This is to bring to the attention of the general public that there will be a shooting exercise on Thursday, September 1, from 8:30am until 12:00 noon. This exercise will be held in Back Bay, a known hiking area (the way to the natural pool).
Today: Fair to partly cloudy, hazy and breezy with a local shower possible.
Tonight through Thursday midday: Partly cloudy to cloudy and breezy with isolated showers.
Today through Thursday midday: East-northeasterly with a gentle to moderate breeze of 08 to 17 miles per hour.
The dominant high pressure system is generating a stable atmosphere that will limit significant precipitation over the local region today. However, tonight through Thursday, expect partly cloudy to cloudy skies, breezy conditions with isolated showers due to the passage of a tropical wave.
Seas are forecast to remain moderate during the next few days.
Partly cloudy to cloudy with isolated showers.
For further information visit our website: www.meteosxm.com.
News that Saba will execute a short-term plan to boost its tourism is interesting. The need to do so becomes obvious when looking at recent developments mentioned in the story.
Despite a lack of reliable figures it’s clear that key indicators are down. The smallest territory of the Caribbean Netherlands has been doing fairly well in terms of public finances and administration, but the economy is another matter.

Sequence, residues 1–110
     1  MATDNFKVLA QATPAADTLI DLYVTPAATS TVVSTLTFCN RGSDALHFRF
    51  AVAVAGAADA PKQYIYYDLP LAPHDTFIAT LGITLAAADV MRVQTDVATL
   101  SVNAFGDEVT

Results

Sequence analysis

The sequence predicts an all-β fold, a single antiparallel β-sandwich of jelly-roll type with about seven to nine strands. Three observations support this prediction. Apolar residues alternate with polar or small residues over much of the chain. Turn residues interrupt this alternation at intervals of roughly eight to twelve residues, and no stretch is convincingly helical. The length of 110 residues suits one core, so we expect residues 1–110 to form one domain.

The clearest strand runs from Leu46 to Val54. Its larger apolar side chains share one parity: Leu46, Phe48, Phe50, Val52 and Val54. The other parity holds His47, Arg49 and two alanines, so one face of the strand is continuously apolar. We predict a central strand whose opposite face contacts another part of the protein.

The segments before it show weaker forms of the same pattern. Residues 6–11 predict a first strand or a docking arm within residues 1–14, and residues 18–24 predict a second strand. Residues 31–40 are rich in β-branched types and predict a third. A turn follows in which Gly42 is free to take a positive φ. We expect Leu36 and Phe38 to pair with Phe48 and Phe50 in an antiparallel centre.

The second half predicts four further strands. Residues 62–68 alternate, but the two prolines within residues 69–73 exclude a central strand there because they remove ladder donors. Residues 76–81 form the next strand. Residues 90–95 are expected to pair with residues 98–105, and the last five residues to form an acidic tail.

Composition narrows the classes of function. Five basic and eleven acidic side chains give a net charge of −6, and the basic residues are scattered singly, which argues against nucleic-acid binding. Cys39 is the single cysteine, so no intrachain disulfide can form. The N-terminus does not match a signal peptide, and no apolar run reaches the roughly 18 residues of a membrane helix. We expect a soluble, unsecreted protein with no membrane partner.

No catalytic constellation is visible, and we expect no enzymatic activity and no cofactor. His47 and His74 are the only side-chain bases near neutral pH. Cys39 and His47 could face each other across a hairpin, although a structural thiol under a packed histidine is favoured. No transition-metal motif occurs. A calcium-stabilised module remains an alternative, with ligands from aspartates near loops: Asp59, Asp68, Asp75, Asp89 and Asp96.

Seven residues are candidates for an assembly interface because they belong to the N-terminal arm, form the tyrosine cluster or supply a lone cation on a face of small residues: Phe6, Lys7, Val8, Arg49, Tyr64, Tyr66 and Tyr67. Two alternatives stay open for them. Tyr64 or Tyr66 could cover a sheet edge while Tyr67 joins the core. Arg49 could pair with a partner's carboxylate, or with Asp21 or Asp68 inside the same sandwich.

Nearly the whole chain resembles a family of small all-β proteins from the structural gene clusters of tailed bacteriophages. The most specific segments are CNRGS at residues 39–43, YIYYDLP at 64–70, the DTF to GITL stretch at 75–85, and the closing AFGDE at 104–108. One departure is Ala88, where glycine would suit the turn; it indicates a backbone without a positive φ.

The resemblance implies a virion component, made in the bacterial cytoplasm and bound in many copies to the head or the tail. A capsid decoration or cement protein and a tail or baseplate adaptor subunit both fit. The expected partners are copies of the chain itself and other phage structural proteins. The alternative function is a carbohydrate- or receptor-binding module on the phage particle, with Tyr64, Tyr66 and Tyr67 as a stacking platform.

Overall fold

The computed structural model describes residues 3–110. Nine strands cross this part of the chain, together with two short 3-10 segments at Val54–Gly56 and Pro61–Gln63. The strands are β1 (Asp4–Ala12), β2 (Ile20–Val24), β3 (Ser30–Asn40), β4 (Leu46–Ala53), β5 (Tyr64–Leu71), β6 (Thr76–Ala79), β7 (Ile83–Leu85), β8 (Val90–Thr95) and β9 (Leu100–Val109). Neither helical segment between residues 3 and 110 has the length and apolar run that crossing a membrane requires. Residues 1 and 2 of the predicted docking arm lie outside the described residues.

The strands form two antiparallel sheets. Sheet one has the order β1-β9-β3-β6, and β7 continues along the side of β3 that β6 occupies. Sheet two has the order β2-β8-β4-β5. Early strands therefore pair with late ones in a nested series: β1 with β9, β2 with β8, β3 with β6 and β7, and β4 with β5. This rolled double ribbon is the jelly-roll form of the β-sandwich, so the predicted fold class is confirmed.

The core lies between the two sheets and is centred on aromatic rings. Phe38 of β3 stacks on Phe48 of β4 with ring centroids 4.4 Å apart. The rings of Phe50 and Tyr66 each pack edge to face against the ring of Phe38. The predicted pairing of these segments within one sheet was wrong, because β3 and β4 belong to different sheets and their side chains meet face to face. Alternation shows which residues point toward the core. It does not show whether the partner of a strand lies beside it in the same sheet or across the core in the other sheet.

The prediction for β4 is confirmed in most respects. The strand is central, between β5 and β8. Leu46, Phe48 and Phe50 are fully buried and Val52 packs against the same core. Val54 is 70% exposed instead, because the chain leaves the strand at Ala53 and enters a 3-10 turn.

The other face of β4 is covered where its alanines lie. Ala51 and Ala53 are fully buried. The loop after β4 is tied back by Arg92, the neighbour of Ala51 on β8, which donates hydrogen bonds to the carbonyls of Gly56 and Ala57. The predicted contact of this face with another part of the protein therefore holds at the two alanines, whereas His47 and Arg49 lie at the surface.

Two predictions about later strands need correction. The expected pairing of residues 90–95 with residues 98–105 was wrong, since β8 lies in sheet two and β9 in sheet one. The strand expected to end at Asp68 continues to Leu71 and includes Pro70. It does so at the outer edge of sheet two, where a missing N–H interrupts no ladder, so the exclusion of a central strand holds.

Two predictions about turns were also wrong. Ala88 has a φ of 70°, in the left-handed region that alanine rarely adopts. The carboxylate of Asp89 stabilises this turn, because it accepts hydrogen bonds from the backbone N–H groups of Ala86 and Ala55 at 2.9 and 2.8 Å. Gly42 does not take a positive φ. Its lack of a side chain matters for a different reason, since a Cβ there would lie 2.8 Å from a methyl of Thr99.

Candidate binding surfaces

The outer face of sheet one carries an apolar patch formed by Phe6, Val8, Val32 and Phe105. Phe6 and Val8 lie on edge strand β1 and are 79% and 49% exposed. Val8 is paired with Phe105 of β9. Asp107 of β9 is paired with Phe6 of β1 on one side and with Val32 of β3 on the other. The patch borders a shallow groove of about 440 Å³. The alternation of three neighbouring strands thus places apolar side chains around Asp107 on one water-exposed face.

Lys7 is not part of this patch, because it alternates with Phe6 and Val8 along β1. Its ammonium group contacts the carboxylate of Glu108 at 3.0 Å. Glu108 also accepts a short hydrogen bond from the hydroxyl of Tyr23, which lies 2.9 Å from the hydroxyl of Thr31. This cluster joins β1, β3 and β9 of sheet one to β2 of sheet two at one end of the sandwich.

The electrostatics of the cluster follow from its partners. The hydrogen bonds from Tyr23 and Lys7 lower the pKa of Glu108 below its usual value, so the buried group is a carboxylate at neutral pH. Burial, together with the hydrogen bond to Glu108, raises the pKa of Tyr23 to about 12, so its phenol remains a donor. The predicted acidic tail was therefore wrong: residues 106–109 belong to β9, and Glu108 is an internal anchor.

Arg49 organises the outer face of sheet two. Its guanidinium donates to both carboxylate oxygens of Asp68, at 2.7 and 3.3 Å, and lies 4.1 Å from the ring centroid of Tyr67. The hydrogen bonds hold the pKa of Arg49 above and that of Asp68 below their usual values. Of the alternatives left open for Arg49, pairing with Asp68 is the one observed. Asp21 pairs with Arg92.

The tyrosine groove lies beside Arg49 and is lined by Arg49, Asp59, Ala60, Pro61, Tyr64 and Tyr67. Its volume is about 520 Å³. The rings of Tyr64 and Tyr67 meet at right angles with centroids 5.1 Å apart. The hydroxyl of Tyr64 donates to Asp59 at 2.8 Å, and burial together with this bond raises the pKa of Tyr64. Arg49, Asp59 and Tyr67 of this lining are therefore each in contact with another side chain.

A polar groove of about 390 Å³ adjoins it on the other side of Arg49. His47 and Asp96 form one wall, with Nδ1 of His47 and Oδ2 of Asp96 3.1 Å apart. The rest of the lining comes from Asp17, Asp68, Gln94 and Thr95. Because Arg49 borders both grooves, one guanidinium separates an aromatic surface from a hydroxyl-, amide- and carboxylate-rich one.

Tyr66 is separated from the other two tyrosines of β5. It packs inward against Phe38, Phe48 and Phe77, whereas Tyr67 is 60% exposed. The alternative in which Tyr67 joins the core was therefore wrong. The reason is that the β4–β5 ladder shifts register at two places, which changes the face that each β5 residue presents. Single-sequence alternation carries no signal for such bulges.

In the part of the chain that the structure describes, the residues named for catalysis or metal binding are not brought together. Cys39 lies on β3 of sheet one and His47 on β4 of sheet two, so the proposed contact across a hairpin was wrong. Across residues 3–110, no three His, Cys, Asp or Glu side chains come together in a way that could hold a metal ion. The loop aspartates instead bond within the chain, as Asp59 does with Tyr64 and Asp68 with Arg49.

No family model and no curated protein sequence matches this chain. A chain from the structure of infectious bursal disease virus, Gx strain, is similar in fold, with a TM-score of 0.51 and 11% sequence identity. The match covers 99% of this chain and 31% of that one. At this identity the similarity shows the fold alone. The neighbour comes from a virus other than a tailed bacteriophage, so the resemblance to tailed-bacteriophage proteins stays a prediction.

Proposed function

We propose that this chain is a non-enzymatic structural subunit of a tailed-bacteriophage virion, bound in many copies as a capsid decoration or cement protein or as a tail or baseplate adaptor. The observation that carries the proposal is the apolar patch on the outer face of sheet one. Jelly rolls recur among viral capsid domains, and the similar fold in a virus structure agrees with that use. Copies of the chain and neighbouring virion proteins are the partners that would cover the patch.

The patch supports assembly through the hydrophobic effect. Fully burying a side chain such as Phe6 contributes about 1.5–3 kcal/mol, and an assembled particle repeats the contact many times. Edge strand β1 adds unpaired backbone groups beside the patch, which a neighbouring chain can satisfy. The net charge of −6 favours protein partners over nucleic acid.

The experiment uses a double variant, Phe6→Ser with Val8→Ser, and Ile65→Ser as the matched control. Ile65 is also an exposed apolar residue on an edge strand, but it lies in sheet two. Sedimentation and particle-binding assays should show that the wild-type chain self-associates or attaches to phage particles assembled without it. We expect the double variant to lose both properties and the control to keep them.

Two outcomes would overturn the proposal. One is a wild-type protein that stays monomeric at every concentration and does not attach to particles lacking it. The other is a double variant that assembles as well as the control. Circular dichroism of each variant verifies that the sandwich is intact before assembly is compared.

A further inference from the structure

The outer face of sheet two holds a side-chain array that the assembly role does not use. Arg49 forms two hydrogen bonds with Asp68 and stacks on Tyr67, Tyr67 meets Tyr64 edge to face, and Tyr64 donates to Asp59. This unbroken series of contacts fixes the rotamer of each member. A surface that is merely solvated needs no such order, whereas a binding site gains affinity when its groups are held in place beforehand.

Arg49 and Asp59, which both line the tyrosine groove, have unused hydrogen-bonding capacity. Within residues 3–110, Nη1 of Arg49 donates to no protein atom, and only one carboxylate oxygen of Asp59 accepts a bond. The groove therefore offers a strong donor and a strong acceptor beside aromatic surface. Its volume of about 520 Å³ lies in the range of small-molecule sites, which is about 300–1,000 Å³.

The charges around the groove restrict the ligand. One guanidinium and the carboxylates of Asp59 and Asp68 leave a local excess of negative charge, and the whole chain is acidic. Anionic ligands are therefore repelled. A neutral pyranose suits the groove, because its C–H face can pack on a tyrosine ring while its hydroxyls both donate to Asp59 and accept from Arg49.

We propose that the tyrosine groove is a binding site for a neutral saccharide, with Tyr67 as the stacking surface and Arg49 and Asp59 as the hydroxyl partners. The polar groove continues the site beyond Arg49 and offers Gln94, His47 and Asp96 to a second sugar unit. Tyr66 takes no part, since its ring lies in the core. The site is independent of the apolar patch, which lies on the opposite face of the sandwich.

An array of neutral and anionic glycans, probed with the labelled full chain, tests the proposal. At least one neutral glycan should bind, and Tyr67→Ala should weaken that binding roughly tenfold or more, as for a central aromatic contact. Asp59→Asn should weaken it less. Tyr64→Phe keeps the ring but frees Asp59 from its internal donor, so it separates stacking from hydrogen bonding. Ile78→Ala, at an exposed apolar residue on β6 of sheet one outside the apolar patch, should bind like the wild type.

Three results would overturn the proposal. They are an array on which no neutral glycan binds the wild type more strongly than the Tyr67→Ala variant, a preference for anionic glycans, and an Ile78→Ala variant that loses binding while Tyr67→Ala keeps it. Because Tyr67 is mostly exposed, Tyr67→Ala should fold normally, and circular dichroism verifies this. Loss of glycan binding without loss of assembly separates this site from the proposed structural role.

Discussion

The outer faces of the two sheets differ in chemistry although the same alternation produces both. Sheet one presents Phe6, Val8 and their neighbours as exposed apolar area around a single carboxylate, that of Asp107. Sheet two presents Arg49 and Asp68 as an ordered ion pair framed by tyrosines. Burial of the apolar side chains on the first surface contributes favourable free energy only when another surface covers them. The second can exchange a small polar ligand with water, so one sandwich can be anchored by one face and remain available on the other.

Today’s paper also reports that the public entity’s gross domestic product (GDP) grew by only 1.8 per cent in 2014 compared to Bonaire’s 4.1 per cent, although it’s still better than Statia’s decline of 4.4 per cent.
But that’s almost two years ago and St. Eustatius has an oil transhipment terminal, while Saba depends almost solely on visitors for its livelihood. Taking action before things get worse for the latter island is therefore a logical approach.
Targeting the yacht industry seems an obvious choice, especially as there are usually already plenty of them around. Mention was made of the potential market in St. Maarten and St. Barths, where some might even see the prospect of improved facilities and more professional maritime operations in Saba as competition.
However, if one does the math it’s doubtful the two existing successful yachting destinations will feel much of an impact regarding their numbers. In addition, the hub function of Princess Juliana International Airport SXM could be strengthened, as could Winair’s role of regional carrier.
Not only that, but the intention is to involve Port St. Maarten in the upgrading of Fort Bay Harbour and its personnel. Certainly with the Dutch Government’s backing, these initiatives are likely to create a win-win situation for all involved.
The proposal of One St. Maarten People Party (OSPP) to introduce garbage and environmental taxes (see related story) might not earn them a lot of votes, but can certainly be considered noteworthy. After all, very few of the parties campaigning for the September 30 parliamentary election have come up with concrete income-generating measures to help finance their many other plans.